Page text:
New perspective needed for role of major Alzheimer’s gene

Scientists’ picture of how a gene strongly linked to Alzheimer’s disease harms the brain may have to be revised, researchers at the School of Medicine have found. Washington University’s David M. Holtzman, MD, says leading researchers recently agreed that targeting this gene is a promising approach for gaining a better understanding of and improving treatments for the disease.

Altering eye cells may one day restore vision

Doctors may one day treat some forms of blindness by altering the genetic program of the light-sensing cells of the eye, according to School of Medicine scientists. Working in mice with a disease that causes gradual blindness, the researchers reprogrammed the cells in the eye that enable night vision.

Study of half siblings provides genetic clues to autism

When a child has autism, siblings are also at risk for the disorder. New research from Washington University School of Medicine in St. Louis shows that the genetic reach of the disorder often extends to half siblings as well. The discovery is giving scientists new clues to how autism is inherited.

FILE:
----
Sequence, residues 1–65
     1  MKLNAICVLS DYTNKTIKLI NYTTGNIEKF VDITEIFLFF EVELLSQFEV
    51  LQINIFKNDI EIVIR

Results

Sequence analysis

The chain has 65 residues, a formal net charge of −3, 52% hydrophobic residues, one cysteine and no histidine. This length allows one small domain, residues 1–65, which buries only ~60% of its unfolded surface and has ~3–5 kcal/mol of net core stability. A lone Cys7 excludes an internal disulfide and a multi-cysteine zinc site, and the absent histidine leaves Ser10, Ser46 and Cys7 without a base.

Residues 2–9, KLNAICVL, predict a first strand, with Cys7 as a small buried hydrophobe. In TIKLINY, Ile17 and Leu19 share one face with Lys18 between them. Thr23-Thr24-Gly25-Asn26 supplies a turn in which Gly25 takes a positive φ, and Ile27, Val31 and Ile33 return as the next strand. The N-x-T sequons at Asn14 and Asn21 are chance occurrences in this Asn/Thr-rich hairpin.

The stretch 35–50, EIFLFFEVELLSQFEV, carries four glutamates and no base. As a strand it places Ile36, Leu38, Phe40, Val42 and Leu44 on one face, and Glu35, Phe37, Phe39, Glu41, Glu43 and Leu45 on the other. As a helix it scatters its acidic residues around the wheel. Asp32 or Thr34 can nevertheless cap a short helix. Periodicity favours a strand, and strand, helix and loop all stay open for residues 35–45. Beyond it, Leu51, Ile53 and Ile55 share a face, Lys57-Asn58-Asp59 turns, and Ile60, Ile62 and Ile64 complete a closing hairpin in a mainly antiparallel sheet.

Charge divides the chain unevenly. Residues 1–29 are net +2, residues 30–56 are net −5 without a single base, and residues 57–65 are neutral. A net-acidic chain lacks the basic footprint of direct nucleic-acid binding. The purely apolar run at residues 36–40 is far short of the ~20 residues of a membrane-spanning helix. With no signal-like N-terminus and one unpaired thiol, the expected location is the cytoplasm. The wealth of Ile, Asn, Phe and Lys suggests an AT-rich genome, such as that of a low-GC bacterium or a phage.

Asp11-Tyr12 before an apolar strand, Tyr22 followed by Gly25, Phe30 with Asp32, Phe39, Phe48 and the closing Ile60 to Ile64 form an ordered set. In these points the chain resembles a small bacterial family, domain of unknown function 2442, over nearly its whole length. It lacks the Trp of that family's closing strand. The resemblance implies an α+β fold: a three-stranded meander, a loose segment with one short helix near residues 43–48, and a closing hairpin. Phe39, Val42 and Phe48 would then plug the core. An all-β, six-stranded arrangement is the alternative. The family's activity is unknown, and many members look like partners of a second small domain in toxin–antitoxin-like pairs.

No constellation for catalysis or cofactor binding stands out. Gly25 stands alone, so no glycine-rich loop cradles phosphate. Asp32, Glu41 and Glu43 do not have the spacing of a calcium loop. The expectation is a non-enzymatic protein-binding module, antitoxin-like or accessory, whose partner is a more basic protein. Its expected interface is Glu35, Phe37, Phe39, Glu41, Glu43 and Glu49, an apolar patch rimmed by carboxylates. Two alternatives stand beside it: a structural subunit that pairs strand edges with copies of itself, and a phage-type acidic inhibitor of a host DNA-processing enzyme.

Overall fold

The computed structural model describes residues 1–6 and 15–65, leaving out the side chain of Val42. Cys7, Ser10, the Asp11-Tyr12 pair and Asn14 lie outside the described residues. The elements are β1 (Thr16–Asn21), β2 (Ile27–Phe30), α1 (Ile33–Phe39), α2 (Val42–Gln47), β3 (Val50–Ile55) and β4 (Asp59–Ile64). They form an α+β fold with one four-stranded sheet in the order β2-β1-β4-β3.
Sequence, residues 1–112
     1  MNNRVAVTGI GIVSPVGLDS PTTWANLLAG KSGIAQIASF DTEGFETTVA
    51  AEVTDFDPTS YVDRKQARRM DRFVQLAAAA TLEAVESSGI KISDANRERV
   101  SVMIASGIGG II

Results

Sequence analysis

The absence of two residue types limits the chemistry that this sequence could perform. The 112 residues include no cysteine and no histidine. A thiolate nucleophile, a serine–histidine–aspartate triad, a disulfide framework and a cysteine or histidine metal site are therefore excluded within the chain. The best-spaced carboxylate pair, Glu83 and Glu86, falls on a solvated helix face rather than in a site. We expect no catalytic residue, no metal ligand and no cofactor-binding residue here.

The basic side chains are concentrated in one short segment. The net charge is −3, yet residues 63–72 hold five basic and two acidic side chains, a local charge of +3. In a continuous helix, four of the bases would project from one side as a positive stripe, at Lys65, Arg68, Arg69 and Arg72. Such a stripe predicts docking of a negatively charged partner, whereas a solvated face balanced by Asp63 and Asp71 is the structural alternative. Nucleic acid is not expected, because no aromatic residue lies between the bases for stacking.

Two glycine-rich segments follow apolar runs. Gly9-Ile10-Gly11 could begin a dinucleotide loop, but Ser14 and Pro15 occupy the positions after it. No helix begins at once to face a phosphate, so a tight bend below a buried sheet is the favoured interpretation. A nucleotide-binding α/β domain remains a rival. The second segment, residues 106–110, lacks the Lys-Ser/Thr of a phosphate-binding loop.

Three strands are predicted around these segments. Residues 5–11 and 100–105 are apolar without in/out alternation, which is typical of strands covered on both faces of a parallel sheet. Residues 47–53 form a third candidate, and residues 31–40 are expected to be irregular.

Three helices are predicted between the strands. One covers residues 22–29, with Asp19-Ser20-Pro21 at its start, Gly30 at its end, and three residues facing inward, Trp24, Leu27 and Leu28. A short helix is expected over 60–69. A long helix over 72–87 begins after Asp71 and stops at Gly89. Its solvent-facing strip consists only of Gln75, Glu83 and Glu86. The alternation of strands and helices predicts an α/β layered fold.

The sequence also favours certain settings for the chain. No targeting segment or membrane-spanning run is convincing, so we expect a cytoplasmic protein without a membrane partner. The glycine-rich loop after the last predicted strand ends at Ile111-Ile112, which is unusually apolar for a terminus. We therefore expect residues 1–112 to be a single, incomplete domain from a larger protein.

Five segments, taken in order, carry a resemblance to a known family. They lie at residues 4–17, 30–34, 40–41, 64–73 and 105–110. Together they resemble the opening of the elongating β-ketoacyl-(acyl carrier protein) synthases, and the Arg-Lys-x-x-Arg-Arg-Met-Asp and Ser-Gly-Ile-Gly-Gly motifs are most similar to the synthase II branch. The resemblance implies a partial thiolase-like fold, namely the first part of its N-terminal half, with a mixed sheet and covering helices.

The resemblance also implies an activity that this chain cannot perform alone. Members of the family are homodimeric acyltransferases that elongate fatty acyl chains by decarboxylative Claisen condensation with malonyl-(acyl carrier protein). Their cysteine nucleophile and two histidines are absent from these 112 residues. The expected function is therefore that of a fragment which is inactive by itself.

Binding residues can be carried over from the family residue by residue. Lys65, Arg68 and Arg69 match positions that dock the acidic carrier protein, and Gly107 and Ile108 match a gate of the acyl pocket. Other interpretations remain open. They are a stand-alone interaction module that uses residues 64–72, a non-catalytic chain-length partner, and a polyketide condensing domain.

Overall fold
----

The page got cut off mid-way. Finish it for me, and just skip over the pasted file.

The gene-environment enigma

A new study shows that the environment interacts with DNA in ways that are difficult to predict, even in simple organisms like single-celled yeast, which complicates the prospects for personalized medicine. 

Gene scan helps identify cause of inherited blindness

Scientists at Washington University School of Medicine in St. Louis have scanned the entire genome of mice for genes that help build photoreceptors, the light-sensing cells of the eye. The results have already helped researchers identify the gene that causes a form of retinitis pigmentosa, a type of inherited blindness in humans.